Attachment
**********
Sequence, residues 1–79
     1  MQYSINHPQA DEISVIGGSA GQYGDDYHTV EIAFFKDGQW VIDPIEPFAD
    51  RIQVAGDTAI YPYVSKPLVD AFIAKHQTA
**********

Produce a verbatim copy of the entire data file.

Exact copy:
Sequence, residues 1–79
     1  MQYSINHPQA DEISVIGGSA GQYGDDYHTV EIAFFKDGQW VIDPIEPFAD
    51  RIQVAGDTAI YPYVSKPLVD AFIAKHQTA